The differences between studying in Brazil and the U.S.

. Jan 03, 2020
college brazil us Photo: Jorge Salcedo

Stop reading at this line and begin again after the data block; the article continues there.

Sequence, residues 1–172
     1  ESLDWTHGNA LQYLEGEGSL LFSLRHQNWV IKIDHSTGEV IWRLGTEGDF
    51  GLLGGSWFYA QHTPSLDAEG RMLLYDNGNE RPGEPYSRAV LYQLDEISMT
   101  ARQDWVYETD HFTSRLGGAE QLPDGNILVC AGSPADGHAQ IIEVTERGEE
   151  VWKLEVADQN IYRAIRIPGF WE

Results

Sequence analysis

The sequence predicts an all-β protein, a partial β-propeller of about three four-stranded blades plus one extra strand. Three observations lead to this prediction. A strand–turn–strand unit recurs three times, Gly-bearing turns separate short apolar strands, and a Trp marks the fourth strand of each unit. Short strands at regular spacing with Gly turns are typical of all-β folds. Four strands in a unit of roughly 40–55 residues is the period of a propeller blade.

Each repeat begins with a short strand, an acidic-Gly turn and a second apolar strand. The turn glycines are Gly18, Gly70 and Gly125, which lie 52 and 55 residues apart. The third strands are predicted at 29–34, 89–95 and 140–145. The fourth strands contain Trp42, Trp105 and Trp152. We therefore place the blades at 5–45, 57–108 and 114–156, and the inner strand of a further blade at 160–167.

Many Brazilian young people, if they have the means, opt to pursue their studies abroad. In fact, Brazil is among the top ten countries that sends students to the U.S. for tuition. In turn, Brazil is the 24th most popular destination for American students. Nonetheless, there are some crucial differences between both countries’ undergraduate education systems. Here, we outline some key points that any student wishing to study in Brazil should know.